So we come to the final post, and the earliest version of Tess, made by Roman Polanski back in 1979. It’s actually a beautiful version with Tess played by a 17 year old Natasha Kinski, and Angel played ironically, by a very young Peter Firth. Natasha is really astonishing, considering that it’s one of her first roles, she’s acting in a second language with a difficult accent. I think she’s my favourite Tess. And Peter, well it was just interesting to see him as a very young man.
I do like the classic style of this film, with its gorgeous music and cinematography, but I think the ending’s a bit rushed here.
Tess’s attempted confession:
The final moments:
So there you go. Given I’ve actually only seen this version in full, I’m going to track down the 1998 version because it looks fantastic.
Getting all literary now. I read Tess of the D’urbervilles years ago and found it one of the most frustrating novels ever. Probably because I hadn’t read any other Thomas Hardy novels! Anyway, frustration was the impression I took away from it, but lately I’ve revisited the novel by listening to an audiobook version. The story is still as frustrating as ever, but I never realised how beautiful the prose is. I’m a huge fan of lyrical novels and Hardy’s descriptions of the landscapes and lifestyle of rural 19th Century Dorset, like this passage from Chapter 24:
Amid the oozing fatness and warm ferments of the Froom Vale, at a season when the rush of juices could almost be heard below the hiss of fertilization, it was impossible that the most fanciful love should not grow passionate. The ready bosoms existing there were impregnated by their surroundings.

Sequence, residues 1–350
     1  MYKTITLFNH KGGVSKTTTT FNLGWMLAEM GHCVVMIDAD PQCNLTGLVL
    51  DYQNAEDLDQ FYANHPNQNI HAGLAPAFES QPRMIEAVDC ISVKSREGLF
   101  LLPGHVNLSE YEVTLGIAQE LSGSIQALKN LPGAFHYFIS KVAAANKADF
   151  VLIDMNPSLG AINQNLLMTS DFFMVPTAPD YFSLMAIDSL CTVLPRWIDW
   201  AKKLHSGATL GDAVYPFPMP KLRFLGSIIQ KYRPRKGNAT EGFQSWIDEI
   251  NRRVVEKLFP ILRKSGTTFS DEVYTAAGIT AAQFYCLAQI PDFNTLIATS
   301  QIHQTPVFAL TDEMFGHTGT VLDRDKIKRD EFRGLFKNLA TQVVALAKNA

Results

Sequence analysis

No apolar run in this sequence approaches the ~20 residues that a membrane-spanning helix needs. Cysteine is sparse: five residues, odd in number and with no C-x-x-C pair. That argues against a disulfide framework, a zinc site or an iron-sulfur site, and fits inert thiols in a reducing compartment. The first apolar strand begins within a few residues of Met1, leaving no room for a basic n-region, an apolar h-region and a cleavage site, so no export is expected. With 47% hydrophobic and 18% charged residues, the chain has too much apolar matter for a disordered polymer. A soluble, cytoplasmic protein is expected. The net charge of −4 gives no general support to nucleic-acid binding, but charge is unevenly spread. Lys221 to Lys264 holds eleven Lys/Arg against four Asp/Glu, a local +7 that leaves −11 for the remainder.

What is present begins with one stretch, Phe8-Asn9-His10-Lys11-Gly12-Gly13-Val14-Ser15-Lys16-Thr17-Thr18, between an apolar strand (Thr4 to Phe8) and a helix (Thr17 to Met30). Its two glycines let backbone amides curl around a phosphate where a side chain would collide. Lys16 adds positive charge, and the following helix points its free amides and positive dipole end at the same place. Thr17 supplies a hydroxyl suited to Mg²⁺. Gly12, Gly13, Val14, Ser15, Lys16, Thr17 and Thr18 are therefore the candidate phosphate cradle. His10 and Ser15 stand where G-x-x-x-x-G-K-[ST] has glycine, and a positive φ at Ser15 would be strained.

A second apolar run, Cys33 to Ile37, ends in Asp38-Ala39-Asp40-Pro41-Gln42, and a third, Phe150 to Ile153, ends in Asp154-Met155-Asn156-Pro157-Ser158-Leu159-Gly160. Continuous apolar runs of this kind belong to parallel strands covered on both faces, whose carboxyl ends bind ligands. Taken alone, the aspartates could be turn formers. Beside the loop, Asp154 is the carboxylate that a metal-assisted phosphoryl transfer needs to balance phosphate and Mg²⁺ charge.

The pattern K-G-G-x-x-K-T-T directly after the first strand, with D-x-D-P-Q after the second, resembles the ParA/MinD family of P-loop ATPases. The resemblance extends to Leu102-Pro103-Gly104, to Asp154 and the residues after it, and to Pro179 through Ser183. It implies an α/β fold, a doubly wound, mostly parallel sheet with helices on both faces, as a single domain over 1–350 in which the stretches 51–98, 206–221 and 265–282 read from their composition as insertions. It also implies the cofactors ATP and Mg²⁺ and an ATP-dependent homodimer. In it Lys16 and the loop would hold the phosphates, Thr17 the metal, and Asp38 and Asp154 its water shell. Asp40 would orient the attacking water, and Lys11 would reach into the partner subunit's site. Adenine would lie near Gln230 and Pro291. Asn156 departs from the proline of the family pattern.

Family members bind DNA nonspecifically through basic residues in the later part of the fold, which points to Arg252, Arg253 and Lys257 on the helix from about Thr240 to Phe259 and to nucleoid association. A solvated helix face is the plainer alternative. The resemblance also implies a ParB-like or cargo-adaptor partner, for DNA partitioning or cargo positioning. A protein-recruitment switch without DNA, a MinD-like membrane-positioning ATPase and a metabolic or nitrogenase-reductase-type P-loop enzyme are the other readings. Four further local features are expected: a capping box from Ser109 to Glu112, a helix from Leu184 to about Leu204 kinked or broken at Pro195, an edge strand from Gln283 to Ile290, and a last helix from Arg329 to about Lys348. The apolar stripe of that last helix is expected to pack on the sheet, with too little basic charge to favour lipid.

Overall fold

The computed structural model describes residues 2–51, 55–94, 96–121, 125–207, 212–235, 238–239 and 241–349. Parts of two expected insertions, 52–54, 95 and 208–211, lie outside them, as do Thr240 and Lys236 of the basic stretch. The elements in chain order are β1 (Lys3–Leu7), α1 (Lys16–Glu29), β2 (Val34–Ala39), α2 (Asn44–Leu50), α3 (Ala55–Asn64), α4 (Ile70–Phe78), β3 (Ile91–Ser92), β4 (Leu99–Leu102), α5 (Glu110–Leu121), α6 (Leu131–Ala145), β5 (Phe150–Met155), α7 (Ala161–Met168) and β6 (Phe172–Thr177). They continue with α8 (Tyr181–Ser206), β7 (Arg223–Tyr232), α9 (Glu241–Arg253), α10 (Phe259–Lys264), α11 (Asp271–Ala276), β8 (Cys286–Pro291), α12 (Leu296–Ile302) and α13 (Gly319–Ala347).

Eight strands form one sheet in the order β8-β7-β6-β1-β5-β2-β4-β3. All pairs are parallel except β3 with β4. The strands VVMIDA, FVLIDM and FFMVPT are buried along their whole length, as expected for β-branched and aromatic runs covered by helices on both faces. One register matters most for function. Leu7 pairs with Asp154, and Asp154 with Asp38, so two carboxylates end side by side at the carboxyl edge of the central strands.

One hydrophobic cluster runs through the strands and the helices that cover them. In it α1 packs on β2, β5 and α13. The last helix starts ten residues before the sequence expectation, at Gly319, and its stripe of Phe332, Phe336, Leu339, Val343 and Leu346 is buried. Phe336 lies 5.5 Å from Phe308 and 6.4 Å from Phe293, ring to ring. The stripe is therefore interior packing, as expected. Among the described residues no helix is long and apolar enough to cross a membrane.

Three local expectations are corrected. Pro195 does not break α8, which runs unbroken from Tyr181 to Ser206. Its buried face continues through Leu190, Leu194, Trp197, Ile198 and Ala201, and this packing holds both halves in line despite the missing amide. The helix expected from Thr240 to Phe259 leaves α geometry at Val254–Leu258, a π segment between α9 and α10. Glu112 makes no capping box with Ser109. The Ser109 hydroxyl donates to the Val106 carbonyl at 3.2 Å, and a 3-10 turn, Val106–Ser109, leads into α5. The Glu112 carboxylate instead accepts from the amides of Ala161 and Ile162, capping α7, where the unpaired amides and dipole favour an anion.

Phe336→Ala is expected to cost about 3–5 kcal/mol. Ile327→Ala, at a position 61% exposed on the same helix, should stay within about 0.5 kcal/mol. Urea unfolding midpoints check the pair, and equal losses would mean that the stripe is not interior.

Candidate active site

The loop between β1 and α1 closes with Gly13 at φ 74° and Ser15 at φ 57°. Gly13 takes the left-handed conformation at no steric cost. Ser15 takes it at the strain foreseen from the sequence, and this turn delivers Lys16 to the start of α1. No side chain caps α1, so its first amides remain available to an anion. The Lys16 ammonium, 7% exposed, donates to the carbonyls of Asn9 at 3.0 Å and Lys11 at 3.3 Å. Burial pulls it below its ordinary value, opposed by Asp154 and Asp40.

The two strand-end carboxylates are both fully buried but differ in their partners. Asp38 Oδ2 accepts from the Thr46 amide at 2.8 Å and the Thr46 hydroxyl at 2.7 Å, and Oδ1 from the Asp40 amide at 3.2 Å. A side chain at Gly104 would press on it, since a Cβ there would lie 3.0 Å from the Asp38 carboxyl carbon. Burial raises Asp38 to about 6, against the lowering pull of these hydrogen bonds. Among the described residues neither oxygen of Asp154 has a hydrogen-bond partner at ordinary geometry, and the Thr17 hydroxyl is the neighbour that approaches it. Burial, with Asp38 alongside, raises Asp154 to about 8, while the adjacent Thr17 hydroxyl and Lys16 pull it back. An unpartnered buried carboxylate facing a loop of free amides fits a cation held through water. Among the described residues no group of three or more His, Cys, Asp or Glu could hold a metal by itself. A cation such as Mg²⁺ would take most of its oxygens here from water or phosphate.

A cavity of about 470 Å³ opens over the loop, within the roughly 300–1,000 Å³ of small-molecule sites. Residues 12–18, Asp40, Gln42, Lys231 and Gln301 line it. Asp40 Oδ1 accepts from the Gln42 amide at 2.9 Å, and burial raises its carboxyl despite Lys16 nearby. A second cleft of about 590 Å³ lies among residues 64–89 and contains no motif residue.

July passed over their heads, and the Thermidorean weather which came in its wake seemed an effort on the part of Nature to match the state of hearts at Talbothays Dairy. The air of the place, so fresh in the spring and early summer, was stagnant and enervating now. Its heavy scents weighed upon them, and at mid-day the landscape seemed lying in a swoon. Ethiopic scorchings browned the upper slopes of the pastures, but there was still bright green herbage here where the watercourses purled. And as Clare was oppressed by the outward heats, so was he burdened inwardly by waxing fervour of passion for the soft and silent Tess.
Actually, I think I’ve appreciated the novel more by listening to the audiobook. The narrator Peter Firth is very good, bringing to life not just the lyrical parts but also the varied accents of its characters.
Spooks often surprises you in ways that you least suspect. Yes, it can thrill, but more often than not it can also break your heart. I’m not talking about corny achy breaky heart moments here either, but real moments. I loved the very gentle, very sensitive portrayal of Harry’s and Ruth’s relationship.
This is not a glamourous relationship by any means, but one that is very real. It also has some tremendous performances by Peter Firth and Nicola Walker.
Which made it all the more difficult to bear when Ruth departed. To be honest, I cried buckets.
That was three years ago, and I’m not the only Spooks fan that misses Ruth. That is why I am so happy to read this.